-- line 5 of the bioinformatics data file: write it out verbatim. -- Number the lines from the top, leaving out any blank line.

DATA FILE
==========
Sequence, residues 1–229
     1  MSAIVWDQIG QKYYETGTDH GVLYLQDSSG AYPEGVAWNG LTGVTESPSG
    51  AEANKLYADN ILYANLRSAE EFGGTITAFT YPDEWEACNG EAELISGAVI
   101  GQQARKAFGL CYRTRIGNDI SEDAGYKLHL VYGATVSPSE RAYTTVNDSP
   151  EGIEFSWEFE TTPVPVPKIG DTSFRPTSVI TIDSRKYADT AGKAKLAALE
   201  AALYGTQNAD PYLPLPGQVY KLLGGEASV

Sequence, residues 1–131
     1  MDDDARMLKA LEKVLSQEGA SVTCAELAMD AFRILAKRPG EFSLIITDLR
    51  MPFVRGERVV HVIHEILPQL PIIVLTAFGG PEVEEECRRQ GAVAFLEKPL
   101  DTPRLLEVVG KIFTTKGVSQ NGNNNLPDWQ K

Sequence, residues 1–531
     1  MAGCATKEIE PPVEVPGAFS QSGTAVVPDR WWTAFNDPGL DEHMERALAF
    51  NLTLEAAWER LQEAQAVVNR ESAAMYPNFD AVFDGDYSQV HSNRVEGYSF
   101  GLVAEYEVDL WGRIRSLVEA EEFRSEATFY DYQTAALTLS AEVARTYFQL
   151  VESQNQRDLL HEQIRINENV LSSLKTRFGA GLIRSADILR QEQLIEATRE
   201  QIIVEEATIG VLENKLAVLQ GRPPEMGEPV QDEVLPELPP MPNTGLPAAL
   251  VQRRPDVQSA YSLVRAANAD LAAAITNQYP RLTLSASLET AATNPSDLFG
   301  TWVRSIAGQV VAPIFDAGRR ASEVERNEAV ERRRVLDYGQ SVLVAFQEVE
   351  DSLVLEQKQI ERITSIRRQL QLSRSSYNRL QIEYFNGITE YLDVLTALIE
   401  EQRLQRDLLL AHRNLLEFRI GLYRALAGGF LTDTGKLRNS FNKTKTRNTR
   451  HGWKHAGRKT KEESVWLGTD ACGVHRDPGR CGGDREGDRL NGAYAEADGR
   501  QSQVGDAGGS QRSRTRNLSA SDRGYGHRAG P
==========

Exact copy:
   151  EGIEFSWEFE TTPVPVPKIG DTSFRPTSVI TIDSRKYADT AGKAKLAALE